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Spokane, Washington  Est. May 19, 1883

House passes farm bill, sending it to Trump’s desk

Tom Zwainz, left, and his son Joel Zwainz harvest wheat on Wednesday, Aug. 22, 2018, at their farm in Reardan, Wash. The House passed a compromise version of the farm bill Wednesday, which includes crop insurance for farmers to help them financially through bad years. (Tyler Tjomsland / The Spokesman-Review)

The U.S. House easily passed a compromise farm bill Wednesday, sending the massive legislative package that reauthorizes agriculture programs and food aid to President Donald Trump for his signature.

The legislation had already passed the Senate and is now headed to the president, who is expected to sign it despite losing changes to the food stamp program that he supported.

U.S. Rep. Cathy McMorris Rodgers, R-Wash., said the measure is important because it provides funding for research at Washington State University and gives farmers a safety net in troubling economic times.

“It’s good news for our farmers,” McMorris Rodgers said.

The bill, costing $867 billion over 10 years, reauthorizes agriculture and conservation programs, funds trade programs, expands support for struggling dairy farmers and legalizes the cultivation of industrial hemp. The House vote was 369-47.

Congress traditionally enacts a comprehensive farm bill every five years, setting federal agricultural and food policy for another five-year period. While farm bills include safety net programs for farmers, nutrition programs – including the Supplemental Nutrition Assistance Program, or SNAP – account for most of the spending.

The measure previously had stalled as Republicans sought to add work requirements for nearly 40 million low-income Americans to qualify for food stamps.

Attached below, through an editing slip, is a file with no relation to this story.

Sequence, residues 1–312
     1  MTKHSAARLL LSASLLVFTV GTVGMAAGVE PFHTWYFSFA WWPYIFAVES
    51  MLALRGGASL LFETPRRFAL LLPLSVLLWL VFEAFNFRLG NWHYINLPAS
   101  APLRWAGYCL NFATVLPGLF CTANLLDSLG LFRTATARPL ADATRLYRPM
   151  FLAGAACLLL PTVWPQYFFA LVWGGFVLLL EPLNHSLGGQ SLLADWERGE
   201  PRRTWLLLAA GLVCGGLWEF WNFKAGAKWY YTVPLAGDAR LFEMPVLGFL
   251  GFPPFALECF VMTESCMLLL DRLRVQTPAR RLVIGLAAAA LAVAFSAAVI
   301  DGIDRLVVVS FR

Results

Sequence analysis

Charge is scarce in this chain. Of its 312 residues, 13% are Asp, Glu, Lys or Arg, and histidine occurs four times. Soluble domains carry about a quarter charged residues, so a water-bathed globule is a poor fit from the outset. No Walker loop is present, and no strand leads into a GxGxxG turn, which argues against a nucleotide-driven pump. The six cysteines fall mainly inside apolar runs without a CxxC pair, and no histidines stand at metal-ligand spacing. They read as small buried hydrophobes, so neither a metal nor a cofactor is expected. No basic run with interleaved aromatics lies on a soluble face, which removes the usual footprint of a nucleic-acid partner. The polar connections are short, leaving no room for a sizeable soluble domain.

The previous version would have required all able-bodied adults ages 18 to 59 to work at least 20 hours a week or get training to qualify for food stamps under SNAP.

McMorris Rodgers said she supported the additional work requirements, but voted Wednesday to support the compromise version without them.

“I did support those provisions,” she said. “We’ll continue to work on them. But it was most important to provide the certainty that farm bill provides our farmers.”

Trump and conservatives had pushed to create the new work requirements, but the Senate rejected the idea.

McMorris Rodgers said the farm bill provided much of what she had hoped for following discussions with Eastern Washington farmers.

“The priorities were crop insurance, making sure that our farmers have that safety net when it’s not a good year, and the market access program,” she said. “We export a large, large portion of what we grow in Eastern Washington and opening markets is extremely important.”

Before her re-election in November, McMorris Rodgers invited Agriculture Secretary Sonny Perdue to Spokane. On Aug. 9, she also hosted outgoing House Agriculture Committee Chairman Mike Conaway, R-Texas.

At the time, Conaway said in Spokane that he had hoped to have the farm bill passed by Sept. 30. But the negotiations over the proposed changes to SNAP delayed the bill’s passage until Wednesday.

The Associated Press contributed to this report.